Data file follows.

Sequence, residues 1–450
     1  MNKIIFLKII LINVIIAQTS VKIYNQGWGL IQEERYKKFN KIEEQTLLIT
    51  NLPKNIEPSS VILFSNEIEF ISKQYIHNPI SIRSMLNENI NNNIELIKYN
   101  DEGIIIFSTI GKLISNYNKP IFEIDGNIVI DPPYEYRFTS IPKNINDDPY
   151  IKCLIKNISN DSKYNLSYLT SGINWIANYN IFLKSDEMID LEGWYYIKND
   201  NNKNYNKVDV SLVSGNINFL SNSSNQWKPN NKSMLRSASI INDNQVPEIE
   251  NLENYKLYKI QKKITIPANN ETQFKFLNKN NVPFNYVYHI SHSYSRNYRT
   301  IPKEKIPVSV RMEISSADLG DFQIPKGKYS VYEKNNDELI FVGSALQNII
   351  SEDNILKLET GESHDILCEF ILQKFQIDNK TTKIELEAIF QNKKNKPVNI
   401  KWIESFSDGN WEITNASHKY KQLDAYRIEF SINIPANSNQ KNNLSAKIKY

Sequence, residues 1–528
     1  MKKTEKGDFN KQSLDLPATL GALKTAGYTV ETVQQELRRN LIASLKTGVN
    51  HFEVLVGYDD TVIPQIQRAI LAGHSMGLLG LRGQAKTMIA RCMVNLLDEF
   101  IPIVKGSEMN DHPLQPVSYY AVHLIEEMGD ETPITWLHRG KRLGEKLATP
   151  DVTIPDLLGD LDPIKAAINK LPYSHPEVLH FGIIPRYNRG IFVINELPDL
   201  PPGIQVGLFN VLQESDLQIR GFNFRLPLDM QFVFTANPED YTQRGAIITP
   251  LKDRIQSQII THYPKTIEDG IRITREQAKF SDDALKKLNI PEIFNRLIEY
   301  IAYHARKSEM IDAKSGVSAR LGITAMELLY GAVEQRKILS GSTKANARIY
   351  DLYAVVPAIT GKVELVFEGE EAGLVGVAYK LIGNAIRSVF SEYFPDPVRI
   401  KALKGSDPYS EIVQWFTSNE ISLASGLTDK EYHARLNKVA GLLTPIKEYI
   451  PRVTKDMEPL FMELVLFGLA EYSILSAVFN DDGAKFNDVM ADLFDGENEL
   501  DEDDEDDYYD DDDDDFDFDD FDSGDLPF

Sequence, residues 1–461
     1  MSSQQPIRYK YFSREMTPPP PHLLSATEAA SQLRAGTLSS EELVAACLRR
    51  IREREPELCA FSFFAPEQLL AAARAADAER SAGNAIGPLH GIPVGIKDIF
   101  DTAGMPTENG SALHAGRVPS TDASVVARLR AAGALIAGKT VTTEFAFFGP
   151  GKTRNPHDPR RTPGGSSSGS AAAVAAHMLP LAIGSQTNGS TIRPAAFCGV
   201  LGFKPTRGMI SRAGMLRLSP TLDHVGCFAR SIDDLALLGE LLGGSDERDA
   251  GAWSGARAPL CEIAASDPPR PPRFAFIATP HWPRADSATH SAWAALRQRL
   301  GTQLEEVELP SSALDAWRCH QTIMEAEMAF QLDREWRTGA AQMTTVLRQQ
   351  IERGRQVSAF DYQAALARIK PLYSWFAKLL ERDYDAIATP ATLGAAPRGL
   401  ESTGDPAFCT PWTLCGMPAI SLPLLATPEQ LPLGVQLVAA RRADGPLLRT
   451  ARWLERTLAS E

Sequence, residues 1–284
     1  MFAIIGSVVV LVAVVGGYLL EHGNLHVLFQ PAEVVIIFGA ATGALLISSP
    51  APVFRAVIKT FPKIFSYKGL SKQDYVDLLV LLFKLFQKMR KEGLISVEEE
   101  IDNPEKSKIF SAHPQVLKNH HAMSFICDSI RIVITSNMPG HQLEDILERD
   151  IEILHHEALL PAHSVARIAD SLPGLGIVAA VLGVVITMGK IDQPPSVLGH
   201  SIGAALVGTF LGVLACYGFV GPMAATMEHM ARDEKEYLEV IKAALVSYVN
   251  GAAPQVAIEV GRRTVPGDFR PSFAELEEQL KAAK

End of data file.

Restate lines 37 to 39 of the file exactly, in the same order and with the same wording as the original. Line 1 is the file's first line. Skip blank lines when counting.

   101  IDNPEKSKIF SAHPQVLKNH HAMSFICDSI RIVITSNMPG HQLEDILERD
   151  IEILHHEALL PAHSVARIAD SLPGLGIVAA VLGVVITMGK IDQPPSVLGH
   201  SIGAALVGTF LGVLACYGFV GPMAATMEHM ARDEKEYLEV IKAALVSYVN